--Top it off. Add shrimp or lumps of crab; bountiful fruits like clusters of tiny grapes, or exotic starfruit; unexpected herbs such as basil, thyme, or dill; edible flowers grown without chemicals like lavender, pansies, or Nasturtium; relish vegetables like a variety of olives, chilies, green onions, radishes; and candy-like chocolate shavings, gummies, and peppermint. Typing “cocktail garnish images” into your favorite search engine provides an array of artful displays.

Ready, set, go! Simplicity is the key to summer. Have a stock of get-up-and-go drinks that are just as beautiful and pleasing as that amazing sunset you’ve decided to take in. Try Italian sodas in graceful bottles. Flavors such as green apple, pink grapefruit, pomegranate, and lemon are sure to refresh. To soften the sweetness of Italian sodas, or to add fizz to any drink, add club soda, sparkling, or tonic water. Pair with fruit-flavored or simple syrups, a twist of citrus, or fruit and vegetable juices. If sweet is not what you’re after, there are vast choices of non-alcoholic beers that rival the complex microbrews ( and a variety of non-alcoholic wines but, be aware, many still contain small amounts of alcohol.

Double duty.

With summer entertaining, as with all entertaining, it is important to consider the tastes of all of your guests. Make drinks that are non-alcoholic at their base but, are great with alcohol added to them. Stripped-down margaritas are beautiful in a frosty pitcher surrounded with icy shot glasses of tequila and wedges of lime for those who might want to add it.

Folate for What “Ales” You

But, what about the times when you just gotta….? That glass of champagne at your daughter’s wedding, your Friday night martini, that full-bodied red with your grandmother’s homemade sauce and pasta? Findings suggest that “the excess risk of breast cancer associated with alcohol consumption may be reduced by adequate folate intake” (2).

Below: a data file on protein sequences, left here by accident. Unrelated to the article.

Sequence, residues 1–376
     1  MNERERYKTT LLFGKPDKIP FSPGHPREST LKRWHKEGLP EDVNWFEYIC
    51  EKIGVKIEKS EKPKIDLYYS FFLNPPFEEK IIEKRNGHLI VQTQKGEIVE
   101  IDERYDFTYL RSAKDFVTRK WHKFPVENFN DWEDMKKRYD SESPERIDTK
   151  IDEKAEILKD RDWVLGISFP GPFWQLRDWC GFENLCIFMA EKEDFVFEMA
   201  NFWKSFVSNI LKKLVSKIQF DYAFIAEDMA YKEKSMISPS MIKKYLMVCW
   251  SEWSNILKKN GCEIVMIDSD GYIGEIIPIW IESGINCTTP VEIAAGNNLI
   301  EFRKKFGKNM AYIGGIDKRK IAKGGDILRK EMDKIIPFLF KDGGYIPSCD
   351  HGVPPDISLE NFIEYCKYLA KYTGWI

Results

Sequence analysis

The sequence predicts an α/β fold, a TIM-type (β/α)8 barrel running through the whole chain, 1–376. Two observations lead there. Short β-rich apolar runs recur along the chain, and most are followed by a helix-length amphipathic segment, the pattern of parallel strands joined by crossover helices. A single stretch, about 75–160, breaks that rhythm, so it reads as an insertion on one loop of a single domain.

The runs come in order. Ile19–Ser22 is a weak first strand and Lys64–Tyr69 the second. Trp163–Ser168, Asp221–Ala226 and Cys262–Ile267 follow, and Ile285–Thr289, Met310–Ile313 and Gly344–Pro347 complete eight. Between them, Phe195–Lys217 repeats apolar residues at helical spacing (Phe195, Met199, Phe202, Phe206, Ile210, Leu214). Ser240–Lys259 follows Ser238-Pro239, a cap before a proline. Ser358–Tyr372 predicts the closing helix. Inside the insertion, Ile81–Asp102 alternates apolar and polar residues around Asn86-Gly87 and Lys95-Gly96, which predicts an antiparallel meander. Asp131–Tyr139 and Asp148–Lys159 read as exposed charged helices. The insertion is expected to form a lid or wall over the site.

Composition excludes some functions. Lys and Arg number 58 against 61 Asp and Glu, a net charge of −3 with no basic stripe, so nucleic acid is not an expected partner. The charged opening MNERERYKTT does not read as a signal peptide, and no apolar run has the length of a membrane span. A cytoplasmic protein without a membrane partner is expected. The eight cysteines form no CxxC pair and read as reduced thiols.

Natalie Bovis is The Liquid Muse, and for good reason. She has created mocktails that are both satisfying and rich in folate. Allow yourself to be tempted by this succulent recipe from her book, Preggatinis ™: Mixology for the Mom to Be.

Folic Fizz

  • 1/2 cup cantaloupe chunks
  • 3 large strawberries
  • 1/2 ounce lime juice
  • 1 ounce simple syrup
  • lime-flavored mineral water

Put cantaloupe through a fruit juicer; pour 3 ounces into a wine glass. Slice 2 strawberries and put them into the glass. Add the lime juice and simple syrup, then ice, and stir gently. Top with lime-flavored mineral water, and garnish with the remaining strawberry on a cocktail pick. 

Make It Neat

Mixes like Folic Fizz are neat-o-torpedo and, chances are, you won’t be missing a thing. Except, well, maybe a headache? With mocktails, you’re toned up and ready for all that summer has to offer.


(1) Kwan ML, Kushi LH, Weitzein E, et al. (2010) Alcohol consumption and breast cancer recurrence and survival among women with early-stage breast cancer: The Life After Cancer Epidemiology (LACE) Study. J Clinical Oncology 28:4410–4416.

(2) Zhang, S. A prospective study of folate intake and the risk of breast cancer. JAMA: the Journal of the American Medical Association, 1999, 281(17), 1632-1637.

Stacy Baca, OTR/L is a health and wellness writer who has combined her 17 years of experience as an occupational therapist with her talent for writing, to serve various communities and publications.